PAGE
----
Facebook Pixel

William Blake's House

London, England

'I must create a system, or be enslaved by another man's.' In this house lived William Blake: poet, visionary, rebel, genius.

William Blake's Mayfair house is a humble affair, a far cry away from the larger homes of his contemporaries: Coleridge and Wordsworth.

A Struggling Artist

Fom 1803 to 1821, William Blake lived in the ground floor apartment of this South Molton townhouse, with his wife Catherine. Here, he produced Romantic masterpieces such as, 'Jerusalem, The Emanation of the Giant Albion' and 'Milton: a poem'.

Unfortunately, his talents as a poet went largely unrecognised within his lifetime. He was forced to make his living as a printer and developed a method known as 'illuminated printing', which he used to self-publish his own works, alongside those of others.

Despite his entrepreneurial efforts, his poems still failed to bring in much of a profit. Not a single copy of 'Jerusalem' was sold until after his death. It has now been read the world over.

A Rebel For Our Age

William Blake was a man who refused to bend to his oppressive surroundings, a fact which may well have exarcebated his commercial difficulties. Despite popular opinion, he was fiercely opposed to slavery and the abuse of power he witnessed all around him.

It should come as no surprise, then, that he was opposed to the English monarchy. His rebelliousness didn't stop there, however. He was also a critic of the left, seeing the French and the American Revolutions as having replaced one tyrant with another: feudalism with rampant mercantilism.

Blake did not pander to any audience and for this he suffered

If his willingness to criticise both sides of the debate did contribute to his poetry's lukewarm reception on release, then it could equally explain their longevity.

Thank God I never was sent to school, to be flogged into following the style of a fool.

An Individual Above All Else

As with many others whose works have survived the ages, what most defined Blake was his refusal to let people think for him.

Like other working-class children of the time, he was home-schooled by his mother. Slightly less common, his father was a devout Swedenborgianist- a sect of Christianity that rejected the idea of organised religion. These influences combined in Blake to form a staunch individualist who believed that divinity and the exercise of imagination were one and the same.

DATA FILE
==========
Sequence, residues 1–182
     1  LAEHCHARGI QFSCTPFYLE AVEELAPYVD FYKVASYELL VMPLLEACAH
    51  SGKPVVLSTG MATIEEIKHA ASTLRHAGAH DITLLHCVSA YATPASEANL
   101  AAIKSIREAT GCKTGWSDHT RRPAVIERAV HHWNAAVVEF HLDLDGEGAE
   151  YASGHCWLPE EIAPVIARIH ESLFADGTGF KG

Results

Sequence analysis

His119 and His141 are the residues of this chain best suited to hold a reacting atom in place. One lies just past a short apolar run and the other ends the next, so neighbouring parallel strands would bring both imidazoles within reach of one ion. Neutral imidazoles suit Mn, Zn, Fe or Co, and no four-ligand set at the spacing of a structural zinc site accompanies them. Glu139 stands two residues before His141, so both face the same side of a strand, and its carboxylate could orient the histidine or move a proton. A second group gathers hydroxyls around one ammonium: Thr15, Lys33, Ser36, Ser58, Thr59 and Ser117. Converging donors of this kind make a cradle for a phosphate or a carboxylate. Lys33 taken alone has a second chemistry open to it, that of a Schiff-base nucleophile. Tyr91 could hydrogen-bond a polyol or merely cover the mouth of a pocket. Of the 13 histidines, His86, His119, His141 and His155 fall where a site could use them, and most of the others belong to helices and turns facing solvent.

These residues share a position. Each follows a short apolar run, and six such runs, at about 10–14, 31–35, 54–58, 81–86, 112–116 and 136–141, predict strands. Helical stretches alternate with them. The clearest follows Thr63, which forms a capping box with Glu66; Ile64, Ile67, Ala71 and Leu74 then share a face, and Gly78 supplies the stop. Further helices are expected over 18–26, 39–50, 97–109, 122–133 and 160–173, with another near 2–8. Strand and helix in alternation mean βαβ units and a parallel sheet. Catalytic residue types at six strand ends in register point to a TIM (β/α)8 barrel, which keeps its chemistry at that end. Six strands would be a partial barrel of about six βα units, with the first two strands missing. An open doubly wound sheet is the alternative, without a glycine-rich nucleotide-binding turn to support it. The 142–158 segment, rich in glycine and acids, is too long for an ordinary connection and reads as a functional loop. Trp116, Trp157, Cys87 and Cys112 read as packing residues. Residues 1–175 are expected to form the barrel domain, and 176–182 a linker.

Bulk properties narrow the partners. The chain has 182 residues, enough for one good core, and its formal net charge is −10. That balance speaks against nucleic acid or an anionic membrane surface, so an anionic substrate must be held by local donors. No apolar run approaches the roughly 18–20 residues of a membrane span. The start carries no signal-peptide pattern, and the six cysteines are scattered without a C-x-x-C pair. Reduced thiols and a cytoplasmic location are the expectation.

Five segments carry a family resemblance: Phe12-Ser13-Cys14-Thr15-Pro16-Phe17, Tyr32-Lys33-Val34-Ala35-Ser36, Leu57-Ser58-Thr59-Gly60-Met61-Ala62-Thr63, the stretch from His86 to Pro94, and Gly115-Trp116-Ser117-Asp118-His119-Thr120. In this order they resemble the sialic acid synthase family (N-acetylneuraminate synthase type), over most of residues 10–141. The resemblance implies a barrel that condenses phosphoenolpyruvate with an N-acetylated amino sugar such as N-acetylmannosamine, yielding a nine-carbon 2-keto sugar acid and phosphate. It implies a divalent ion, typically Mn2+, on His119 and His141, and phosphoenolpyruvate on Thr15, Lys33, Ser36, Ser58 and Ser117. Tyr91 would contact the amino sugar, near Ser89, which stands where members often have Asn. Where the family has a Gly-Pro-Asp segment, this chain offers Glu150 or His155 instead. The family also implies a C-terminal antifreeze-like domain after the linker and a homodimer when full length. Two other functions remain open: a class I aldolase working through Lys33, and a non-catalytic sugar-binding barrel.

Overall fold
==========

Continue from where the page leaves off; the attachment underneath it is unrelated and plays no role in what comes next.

He was never going to be one of the herd.

The imagination is not a state: it is the human existence itself.

Insanity Is A Closed Mind

The diminutive size of William Blake's house did nothing to narrow his worldview. He believed in knowns and unknowns, not impossibilities. Some thought him mad, because he said that he had visions. He, in turn, thought them closed off, because they no longer did.

His poems often spoke of love, forgiveness, infinity, friendship and imagination. He believed that commiting oneself to a single set of views was insanity. Life could never be that simple.

The man who never alters his opinion is like standing water, and breeds reptiles of the mind.

Blake Today?

Often, I wonder what Blake would make of today's world? He would think it wonderful, I am sure. And he would find it appalling. He would laugh with sorrow and cry with joy. There are many things he would have to say, but, in a way, he has already said them. His words are so universal that it is hard not to hear their echo in the contemporary world.

Even 200 years after his death, he still has much to give us, some things poetic, and some so simple that their truth is too often forgotten.

To generalize is to be an idiot

William Blake's House is currently owned by the Blake society, whose members include Neil Gaiman, Alan Moore and Philip Pullman. Its office walls are hung with the hand-written quotes of Blake and his contemporaries, keeping the spirit of his writing alive and fierce.

Interested in finding more places like this? Try one of our Treasure Trails in London - untangle cryptic clues as a team, as you are taken on a journey to the most unique, unusual and bizarre corners of London.

Information

What you need to know

Name
William Blake's House
Address
17, South Molton Street, London, UK
Location
51.5136212,-0.1501702
Tips before you visit
Map

Reviews

5 out of 5 stars

1 review

Nearby places